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“Big things have small beginnings”: Ridley Scott’s Prometheus review

How far would you go to find the origins of mankind? To meet our makers? For eager scientists, geologists, and engineers aboard the Prometheus shuttle, more than half a million miles—a little over two years’ time—to some of the darkest corners of the universe.

The prequel to Ridley Scott’s 1979 Alien, Prometheus takes us on a journey that originated from two scientists’ findings—Charlie Holloway (Logan Marshall-Green) and Elizabeth Shaw (Noomi Rapace)—that ancient calligraphies from all over the world, from all different points in history, had the same underlying theme: illustrations of creatures pointing up at a distinct pattern of lights in the sky. Intrigued by what these lights could possibly mean, or have to do with what we came from, they calculated the feasibility of reaching the destination of the lights. Then came the $3 trillion shuttle: Prometheus.

And while Shaw and Holloway are the masterminds behind the entire mission, they are still technically “employees” aboard the ship, managed by a very stern Merideth Vickers (Charlize Theron). Along with Vickers, you also have David-8 (Michael Fessbender), an android created by Weyland Industries who is programmed to do pretty much anything, but yet doesn’t possess a soul to express any real feelings—yet somehow he is the backbone of the entire movie.

So when Prometheus finally lands on the unknown planet, things start to take a weird turn when they scan a hollowed out structure that ends up being filled with globs of mystery goop, a giant head sculpture, tons of dead carcasses lying around everywhere, and you guessed it: our progenitor race, that when all is said and done, they maybe would have been better off not knowing about. Shaw is able to capture the “head” of one of the creatures and run tests that show its DNA is humanity’s predecessor, in other words: these aliens from half a billion miles away somehow made it to Earth (as you will see in the intro scene), plotting our very existence.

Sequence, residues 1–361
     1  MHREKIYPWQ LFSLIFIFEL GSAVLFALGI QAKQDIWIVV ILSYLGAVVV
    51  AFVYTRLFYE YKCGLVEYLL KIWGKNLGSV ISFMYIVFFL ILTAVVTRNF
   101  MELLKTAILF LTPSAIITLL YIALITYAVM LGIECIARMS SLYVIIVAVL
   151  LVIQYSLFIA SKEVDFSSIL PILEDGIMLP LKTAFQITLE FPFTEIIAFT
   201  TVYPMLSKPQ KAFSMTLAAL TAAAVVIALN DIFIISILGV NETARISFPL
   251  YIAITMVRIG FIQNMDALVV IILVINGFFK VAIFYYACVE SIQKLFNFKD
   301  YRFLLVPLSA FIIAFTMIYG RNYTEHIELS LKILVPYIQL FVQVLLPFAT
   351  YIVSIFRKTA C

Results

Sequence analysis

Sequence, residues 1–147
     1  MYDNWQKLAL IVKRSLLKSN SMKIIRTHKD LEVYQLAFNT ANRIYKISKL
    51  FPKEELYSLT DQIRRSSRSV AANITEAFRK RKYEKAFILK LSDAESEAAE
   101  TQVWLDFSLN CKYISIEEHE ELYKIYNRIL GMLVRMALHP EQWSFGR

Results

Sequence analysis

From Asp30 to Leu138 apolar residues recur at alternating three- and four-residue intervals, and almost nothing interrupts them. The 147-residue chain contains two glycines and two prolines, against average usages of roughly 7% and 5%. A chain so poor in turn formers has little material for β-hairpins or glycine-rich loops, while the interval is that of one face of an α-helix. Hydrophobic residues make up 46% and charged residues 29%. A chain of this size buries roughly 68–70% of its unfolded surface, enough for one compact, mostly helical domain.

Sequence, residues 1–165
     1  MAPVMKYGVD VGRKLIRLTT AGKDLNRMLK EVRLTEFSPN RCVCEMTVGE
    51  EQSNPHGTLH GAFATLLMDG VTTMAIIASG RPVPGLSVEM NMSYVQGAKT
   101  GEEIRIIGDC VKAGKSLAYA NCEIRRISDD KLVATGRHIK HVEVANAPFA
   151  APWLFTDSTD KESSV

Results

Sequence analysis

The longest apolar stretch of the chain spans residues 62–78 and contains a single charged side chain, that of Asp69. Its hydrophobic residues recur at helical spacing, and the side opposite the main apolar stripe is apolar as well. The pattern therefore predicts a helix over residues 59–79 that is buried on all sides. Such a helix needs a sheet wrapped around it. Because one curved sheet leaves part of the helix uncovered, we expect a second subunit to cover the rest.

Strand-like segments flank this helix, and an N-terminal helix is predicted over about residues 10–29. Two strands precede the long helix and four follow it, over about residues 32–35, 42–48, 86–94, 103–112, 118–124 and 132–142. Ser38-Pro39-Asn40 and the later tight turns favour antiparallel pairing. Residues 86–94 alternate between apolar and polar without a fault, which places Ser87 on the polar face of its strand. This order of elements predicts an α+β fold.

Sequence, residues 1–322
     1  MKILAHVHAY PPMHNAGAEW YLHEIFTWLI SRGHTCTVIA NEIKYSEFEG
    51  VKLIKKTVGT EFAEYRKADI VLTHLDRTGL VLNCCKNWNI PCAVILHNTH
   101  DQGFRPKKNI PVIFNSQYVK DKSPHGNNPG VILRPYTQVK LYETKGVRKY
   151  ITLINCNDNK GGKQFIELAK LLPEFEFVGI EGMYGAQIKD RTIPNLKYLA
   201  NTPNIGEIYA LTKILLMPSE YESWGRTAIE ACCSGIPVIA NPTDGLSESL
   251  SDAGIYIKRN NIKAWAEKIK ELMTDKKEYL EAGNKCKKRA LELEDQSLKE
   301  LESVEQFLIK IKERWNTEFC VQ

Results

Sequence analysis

Of course, scientifically speaking, the likelihood of humanity originating from a naked alien drinking magic potions with strands of our DNA that leaked into the ocean probably isn’t our best bet, but that’s the beauty of sci-fi and the movie’s entirety. Overall, Prometheus’ visuals outweigh the actual storyline, which is somewhat of a disappointment to those of us who had high expectations, but you definitely see threads of Blade Runner, Artificial Intelligence, and even some 2001: A Space Odyssey throughout. Oh, and we really need our own personal David for all those critical moments, like you know, decoding ancient calligraphy and speaking foreign alien tongues.

(photo via Prometheus-Movie.com)

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Kaitlin Duffy is a writer from Cleveland. When she's not blogging or pondering the great complexities of the world and outer space, she is finding rare vinyl steals, visiting new places, laughing often, Instagramming everything in sight, watching movies, or working on her first feature Port de Cleve.